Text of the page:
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Critic’s picks: Theater

Michael Slobodian

Wide-ranging repertory

BALLET BC This sleek, polished repertory company from British Columbia brings three very different contemporary works to its Pillow engagement. With music ranging from Mozart to the Cracow Klezmer Band, the concert includes choreography by artistic director Emily Molnar, Nederlands Dans Theater’s Medhi Walerski, and Italian choreographer Jacopo Godani. Pictured: Thibaut Eiferman.Through July 21, $39-$75. Jacob’s Pillow Dance Festival, 358 George Carter Road, Becket.413-243-0745, www.jacobspillow.org

KAREN CAMPELL

Theater

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HAPGOOD Kate Burton delivers an exquisite, subtly virtuosic performance in Tom Stoppard’s Cold War-era drama about a British spymaster caught up in the search for whoever is apparently leaking top-secret scientific research to the Soviet Union. Directed by Evan Yionoulis, with a top-notch supporting cast. Through July 21. Williamstown Theatre Festival, Nikos Stage, Williamstown. 413-597-3400, www.wtfestival.org

HOW WE GOT ON The New England premiere of Idris Goodwin’s coming-of-age play about three suburban Midwestern teenagers in the late 1980s who forge a bond as they begin to explore the creative possibilities of hip-hop. Directed by Summer L. Williams. July 19-Aug. 17. Company One. At Plaza Theatre, Boston Center for the Arts. 617-933-8600, www.companyone.org

NORTH SHORE FISH Israel Horovitz’s 1986 drama about workers in a Gloucester fish-packing plant, confronting ominous signs that their livelihood might be in jeopardy. Directed by Robert Walsh and featuring Nancy E. Carroll. Gloucester Stage Company, Gloucester. July 18-Aug. 4. 978-281-4433, www.gloucesterstage.com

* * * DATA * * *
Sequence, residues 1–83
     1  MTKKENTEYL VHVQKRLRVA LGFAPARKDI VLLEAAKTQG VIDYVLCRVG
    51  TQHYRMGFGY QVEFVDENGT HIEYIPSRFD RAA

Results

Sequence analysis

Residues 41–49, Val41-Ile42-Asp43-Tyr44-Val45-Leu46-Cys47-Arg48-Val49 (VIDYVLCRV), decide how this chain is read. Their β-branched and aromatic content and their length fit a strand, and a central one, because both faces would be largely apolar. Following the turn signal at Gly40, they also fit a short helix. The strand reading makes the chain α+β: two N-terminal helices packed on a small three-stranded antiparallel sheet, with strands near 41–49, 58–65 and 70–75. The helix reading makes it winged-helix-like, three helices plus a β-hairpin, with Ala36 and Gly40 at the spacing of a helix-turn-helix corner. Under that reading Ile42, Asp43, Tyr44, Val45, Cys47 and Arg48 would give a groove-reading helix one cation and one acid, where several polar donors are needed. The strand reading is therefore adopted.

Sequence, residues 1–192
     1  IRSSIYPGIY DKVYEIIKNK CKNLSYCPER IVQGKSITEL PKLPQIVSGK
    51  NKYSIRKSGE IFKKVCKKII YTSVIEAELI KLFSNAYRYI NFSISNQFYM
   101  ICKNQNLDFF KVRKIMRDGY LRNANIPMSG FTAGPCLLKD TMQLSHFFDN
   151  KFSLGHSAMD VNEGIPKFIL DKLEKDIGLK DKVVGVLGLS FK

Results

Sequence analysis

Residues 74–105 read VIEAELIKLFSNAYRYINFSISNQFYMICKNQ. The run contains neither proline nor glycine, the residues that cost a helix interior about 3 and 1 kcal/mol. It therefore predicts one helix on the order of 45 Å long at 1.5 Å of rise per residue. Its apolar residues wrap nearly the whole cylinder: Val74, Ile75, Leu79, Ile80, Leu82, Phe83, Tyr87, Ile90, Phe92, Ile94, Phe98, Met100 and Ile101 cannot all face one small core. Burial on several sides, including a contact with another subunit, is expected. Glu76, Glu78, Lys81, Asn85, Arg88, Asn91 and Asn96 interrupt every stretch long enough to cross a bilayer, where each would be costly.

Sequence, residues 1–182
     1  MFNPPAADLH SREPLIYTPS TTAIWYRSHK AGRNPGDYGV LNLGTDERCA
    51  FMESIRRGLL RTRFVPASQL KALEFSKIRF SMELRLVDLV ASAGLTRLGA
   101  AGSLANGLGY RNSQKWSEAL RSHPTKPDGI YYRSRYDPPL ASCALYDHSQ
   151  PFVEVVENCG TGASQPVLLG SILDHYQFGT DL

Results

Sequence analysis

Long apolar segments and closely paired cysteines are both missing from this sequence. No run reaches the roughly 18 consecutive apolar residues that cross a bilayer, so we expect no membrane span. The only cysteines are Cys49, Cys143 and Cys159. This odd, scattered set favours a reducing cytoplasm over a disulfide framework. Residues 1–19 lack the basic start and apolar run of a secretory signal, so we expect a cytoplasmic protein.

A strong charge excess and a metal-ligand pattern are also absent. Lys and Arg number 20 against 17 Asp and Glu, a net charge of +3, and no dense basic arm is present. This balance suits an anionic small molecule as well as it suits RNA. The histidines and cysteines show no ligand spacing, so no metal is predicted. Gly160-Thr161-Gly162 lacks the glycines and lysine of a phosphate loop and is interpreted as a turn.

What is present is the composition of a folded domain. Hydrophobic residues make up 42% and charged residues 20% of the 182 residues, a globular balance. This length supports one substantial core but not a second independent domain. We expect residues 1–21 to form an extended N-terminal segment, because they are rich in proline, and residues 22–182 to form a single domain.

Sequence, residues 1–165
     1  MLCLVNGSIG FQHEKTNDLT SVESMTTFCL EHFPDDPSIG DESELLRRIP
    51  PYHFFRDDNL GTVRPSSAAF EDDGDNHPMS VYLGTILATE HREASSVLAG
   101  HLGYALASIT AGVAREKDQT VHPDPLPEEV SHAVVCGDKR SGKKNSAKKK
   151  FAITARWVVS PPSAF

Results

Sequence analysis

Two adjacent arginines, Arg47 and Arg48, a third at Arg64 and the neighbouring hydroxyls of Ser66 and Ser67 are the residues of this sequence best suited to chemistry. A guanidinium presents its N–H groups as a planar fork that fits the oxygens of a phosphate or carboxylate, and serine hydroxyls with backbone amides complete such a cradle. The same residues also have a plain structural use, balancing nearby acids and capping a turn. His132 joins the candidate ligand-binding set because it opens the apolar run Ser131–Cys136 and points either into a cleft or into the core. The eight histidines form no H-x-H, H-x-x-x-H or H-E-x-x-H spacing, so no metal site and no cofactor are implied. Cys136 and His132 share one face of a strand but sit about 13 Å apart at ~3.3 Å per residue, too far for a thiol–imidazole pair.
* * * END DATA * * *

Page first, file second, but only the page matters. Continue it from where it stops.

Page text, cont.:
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THE BILLINGSGATE PROJECT Brenda Withers has proved she is a writer to watch — first with “Matt & Ben’’ (coauthored with Mindy Kaling), then with “The Ding Dongs, or What Is the Penalty in Portugal?’’ Her new play, which coincides with Wellfleet’s 250th-anniversary celebration, explores the challenges faced by a group of amateur historians as they wrestle with a major event: the destruction by erosion of Billingsgate Island, which once sat at the entrance to Wellfleet Harbor. July 18-Aug. 10. Harbor Stage Company, Wellfleet. 508-349-6800, www.harborstage.org

DON AUCOIN

Dance

OUTSIDE THE BOX The ambitious new performing arts festival wraps up this weekend with 11 different dance presentations in styles ranging from Cambodian to Armenian, flamenco to ballet (full schedule on website.) Highlights include two free concerts on Boston Common: Michael Londra’s Celtic Fire (July 19, 6:45 p.m., The
Beacon Stage) and Nicole Pierce’s EgoArt, Inc. (July 20, 7 p.m., Park Street Stage).
www.outsidetheboxboston.org

TERE O’CONNOR DANCE With a drawer-full of awards and an international reputation, the cutting-edge choreographer turns his sites to the experience of being a closeted gay man in “Cover Boy.” He calls the quartet, set to original music by James Baker, “part expression, part exorcism, and part political observation.” Through July 21, $22-$38. Jacob’s Pillow Dance Festival, 358 George Carter Road, Becket. 413-243-0745,
www.jacobspillow.org